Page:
Diggers: people engaged in the act of digging. Also affectionate label for Australian and New Zealand soldiers in World War I. An Australian Professor of Folklore has described the slang as “Diggerese”, a combination of workplace jargon and knowing argot. Australian Diggers are not to be confused with the radical agrarian communist Diggers of mid-17th Century England, who were an offshoot of the Levellers.

ANZAC day: (Australian and New Zealand Army Corps day) national public holiday falling on 25 April each year. The date commemorates the landing of Australian and New Zealand troops at Gallipoli in 1915 to fight against the Ottoman Empire. The Australian and New Zealand forces were thoroughly trounced by the Ottomans, which has led many to observe that Australia seems to take a particular pleasure in celebrating what is perhaps its most convincing military defeat.

Australia Day: national public holiday falling on 26 January each year marking the arrival of the first fleet of English to the continent (somewhat like Columbus Day in the United States). For a century, Australia Day was attended by a bacchanalia of anthem-singing, flag-waving, beer-swigging and copulation. Only recently has it dawned on many white Australians that 26 January 1788 also marks the commencement of our earnest efforts to erase the Indigenous people who first occupied this country. This belated but welcome epiphany has led some to label 26 January “Invasion Day” and to campaign to change the date of the national public holiday to something that can be celebrated by both Indigenous and non-Indigenous Australians.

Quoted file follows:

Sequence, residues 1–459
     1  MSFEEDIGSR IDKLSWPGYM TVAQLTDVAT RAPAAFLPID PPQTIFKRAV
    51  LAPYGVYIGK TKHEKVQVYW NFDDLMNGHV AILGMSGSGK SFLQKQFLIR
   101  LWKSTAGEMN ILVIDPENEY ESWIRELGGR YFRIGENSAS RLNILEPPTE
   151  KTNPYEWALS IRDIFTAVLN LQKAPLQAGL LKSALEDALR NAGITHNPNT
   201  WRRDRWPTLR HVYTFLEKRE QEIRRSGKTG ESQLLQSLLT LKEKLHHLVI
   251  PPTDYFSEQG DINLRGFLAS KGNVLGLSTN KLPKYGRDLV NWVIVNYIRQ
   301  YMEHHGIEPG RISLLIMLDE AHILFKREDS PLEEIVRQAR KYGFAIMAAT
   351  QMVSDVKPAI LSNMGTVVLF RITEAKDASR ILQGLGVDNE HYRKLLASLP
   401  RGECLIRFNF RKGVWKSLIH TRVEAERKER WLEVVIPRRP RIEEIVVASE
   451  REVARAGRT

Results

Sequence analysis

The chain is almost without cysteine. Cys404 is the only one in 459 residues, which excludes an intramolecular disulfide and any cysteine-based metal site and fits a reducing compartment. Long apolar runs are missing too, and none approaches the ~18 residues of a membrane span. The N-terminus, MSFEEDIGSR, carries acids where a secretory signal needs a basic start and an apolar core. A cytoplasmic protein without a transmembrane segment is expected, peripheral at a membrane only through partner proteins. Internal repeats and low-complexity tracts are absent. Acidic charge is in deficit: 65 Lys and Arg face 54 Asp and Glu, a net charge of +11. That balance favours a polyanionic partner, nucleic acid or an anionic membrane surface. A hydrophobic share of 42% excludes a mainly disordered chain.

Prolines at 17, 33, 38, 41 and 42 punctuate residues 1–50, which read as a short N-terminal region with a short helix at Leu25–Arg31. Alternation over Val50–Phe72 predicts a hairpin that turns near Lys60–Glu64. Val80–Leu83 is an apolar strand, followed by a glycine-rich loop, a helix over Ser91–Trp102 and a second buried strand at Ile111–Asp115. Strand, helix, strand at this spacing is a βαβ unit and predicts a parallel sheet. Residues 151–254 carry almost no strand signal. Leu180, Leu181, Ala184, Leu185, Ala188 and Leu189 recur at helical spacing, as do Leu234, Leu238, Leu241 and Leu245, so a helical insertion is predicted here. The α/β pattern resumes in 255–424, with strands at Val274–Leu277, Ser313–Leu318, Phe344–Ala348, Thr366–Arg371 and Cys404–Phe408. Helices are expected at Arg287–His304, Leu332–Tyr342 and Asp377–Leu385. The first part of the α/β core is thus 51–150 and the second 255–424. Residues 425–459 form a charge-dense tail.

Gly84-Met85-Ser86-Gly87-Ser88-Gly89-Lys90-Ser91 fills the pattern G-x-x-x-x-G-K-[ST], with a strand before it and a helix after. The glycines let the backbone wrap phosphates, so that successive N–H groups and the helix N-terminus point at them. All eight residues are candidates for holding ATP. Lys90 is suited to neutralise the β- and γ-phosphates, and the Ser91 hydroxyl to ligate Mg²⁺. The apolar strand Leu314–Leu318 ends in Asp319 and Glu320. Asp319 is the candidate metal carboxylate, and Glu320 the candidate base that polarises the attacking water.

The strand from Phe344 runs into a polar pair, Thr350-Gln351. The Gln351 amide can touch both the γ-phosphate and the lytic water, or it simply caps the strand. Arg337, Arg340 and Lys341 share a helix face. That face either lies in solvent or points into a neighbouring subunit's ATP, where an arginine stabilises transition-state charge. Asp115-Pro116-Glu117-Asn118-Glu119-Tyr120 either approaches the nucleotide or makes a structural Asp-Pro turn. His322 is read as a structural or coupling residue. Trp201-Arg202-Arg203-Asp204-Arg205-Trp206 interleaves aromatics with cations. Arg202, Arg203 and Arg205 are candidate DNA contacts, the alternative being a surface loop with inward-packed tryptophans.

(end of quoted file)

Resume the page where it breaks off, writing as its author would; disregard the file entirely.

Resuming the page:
Yellow Pages: hard-copy phone directory many thousands of pages long. Once found in every Australian home and every public telephone box. Now largely obsolete thanks to the Internet.

Westpac Bank: see above entry for Commonwealth Bank.

National Bank: (also known as NAB – National Australia Bank) see above entry for Commonwealth Bank.

Bunnings Warehouse: chain of home hardware stores found in almost every Australian town with a population of over 10,000 people. Well known and loved for the “authentic Australian feel” of its budget television commercials featuring store staff rather than actors. Bunnings’ major competitor is Mitre 10. Together, Bunnings and Mitre 10 are responsible for the Australia-wide decimation of small, family-run hardware stores, which has a certain sad irony to it given that Bunnings itself was started by two brothers as a family sawmilling business.

Subway: see above entry for KFC.

Portrait of Queen Elizabeth: found in many clubhouses in small Australian towns; less relics from a bygone era than continuing reminders of Australia’s lack of ambition to become truly independent of the mother country. In 2016 it was reported that more Australians strongly wanted to remain in the monarchy than wanted to leave it.